S. 506 §4 also provide standards and requirements for Extreme Risk Laws to ensure that any federal support for these state policies provides due process protections to named individuals and complies with relevant standards of review, including requirements for: applications, notice, issuance of orders, hearings, evidentiary standards, durations of orders, ex parte orders and duration, storage of removed firearms, etc. S. 506 §4, Subsection 6(B) of the legislation also includes notification requirements to ensure that any issuance of extreme risk protection orders are reported to the Department of Justice so that they may be updated and reflected in the National Instant Criminal Background Check System.

A. Extreme Risk Laws Temporarily Remove Access to Firearms for Individuals at Risk of Harming Themselves or Others
Through Extreme Risk Protection Orders (ERPO) and Gun Violence Restraining Orders (GVRO), Extreme Risk Laws provide one avenue, at the state level, that enables law enforcement and/or in some states, family members, and health care practitioners, to petition to temporarily restrict access to firearms by at-risk individuals demonstrating behavioral risk factors for harming themselves or others, with clearly defined due process protections. If a petitioner is able to provide evidence that the individual is at risk of harming themselves or others, a judge may issue a civil court order temporarily prohibiting the individual from owning, possessing, purchasing, or receiving firearms and/or ammunition, including by having a firearm removed or requiring the surrender of firearms from the named individual.

When an ERPO expires, the person may regain access to their firearms, so long as they are able to pass a background check and are not otherwise prohibited from purchasing or possessing firearms. Research indicates that Extreme Risk laws have been effective in reducing firearm-related deaths. A study evaluating Connecticut’s ERPO law estimated that over a period of 14 years between 38 and 76 suicides were prevented by these orders. Fourteen states have adopted Extreme Risk laws, with many more currently considering the policies.

B. Extreme Risk Laws Should Focus on At-Risk Behaviors Rather Than Mental Illness
It is important to note that problematic correlations are often drawn between gun violence and mental health in public debates, wrongly implying that persons with psychosocial disabilities and those with mental health conditions are automatically prone to violence. These correlations and assertions ignore the range of possible mental health diagnoses and how mental health conditions might manifest differently for different individuals, depending on their particular circumstances. Furthermore, such assertions are unsupported by facts. In an article published in 2015, researchers analyzed statistics from the National Center for Health Statistics, which tracks gun homicides, and found that less than 5% of the 120,000 firearm-related killings in the U.S. between 2001 and 2010 were carried out by people who had been diagnosed with mental illness. A better framework for evaluating access to firearms is to take into account the broad range of factors that might contribute to an individual being at recognizable risk of self-harm or harming others. These include, behavioral risk factors, for example, emotional issues, patterns of substance abuse, and other circumstances which may be temporary or prolonged, but which impact an individual’s likelihood of misusing a firearm. According to data from the CDC, in 2017, 59.9% of firearm-related deaths were suicides and 36.5% were homicides. Approximately half of all reported suicides in the USA are carried out with a firearm.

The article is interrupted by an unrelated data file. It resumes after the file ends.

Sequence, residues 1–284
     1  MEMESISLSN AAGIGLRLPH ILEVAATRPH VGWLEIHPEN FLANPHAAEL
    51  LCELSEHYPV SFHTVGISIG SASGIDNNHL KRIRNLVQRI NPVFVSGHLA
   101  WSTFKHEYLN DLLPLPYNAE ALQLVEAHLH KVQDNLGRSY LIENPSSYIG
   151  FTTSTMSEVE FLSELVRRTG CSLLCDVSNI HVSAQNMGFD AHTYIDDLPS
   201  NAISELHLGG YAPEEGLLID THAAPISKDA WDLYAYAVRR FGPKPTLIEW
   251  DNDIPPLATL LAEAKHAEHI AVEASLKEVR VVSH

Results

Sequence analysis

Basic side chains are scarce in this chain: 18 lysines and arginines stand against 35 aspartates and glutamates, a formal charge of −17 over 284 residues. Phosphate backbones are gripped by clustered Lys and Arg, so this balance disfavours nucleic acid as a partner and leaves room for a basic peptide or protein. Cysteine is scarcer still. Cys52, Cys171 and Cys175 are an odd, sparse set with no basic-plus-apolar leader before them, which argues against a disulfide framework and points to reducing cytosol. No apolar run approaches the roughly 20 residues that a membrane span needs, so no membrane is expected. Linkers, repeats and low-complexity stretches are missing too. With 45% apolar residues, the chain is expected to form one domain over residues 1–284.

The regulatory framework governing the sale and use of firearms should account for particular circumstances where factors may increase the likelihood that an individual is at risk of harming themselves or others, in a manner consistent with international human rights law. Extreme Risk Laws can save lives and reduce the likelihood of gun violence in the U.S. Federal funding to support training, technical assistance, education and implementation of these laws is a vital step in protecting human rights impacted by gun violence in the U.S.

In sum, Congress should pass S. 506 in order to support states implementing Extreme Risk Laws that close dangerous loopholes in policy governing the acquisition, possession and use of firearms by private individuals.
For more information, including all references and sources, please see Amnesty International USA’s 2018 report In the Line of Fire: Human Rights and the U.S. Gun Violence Crisis or contact Adotei Akwei, Advocacy Director [email protected] or (202) 509-8148.

Adotei Akwei
Deputy Director, Advocacy and Government Relations
Amnesty International USA
600 Pennsylvania Avenue SE, Suite 500
Washington DC 20003
Tel: 202-509-8148
Email: [email protected]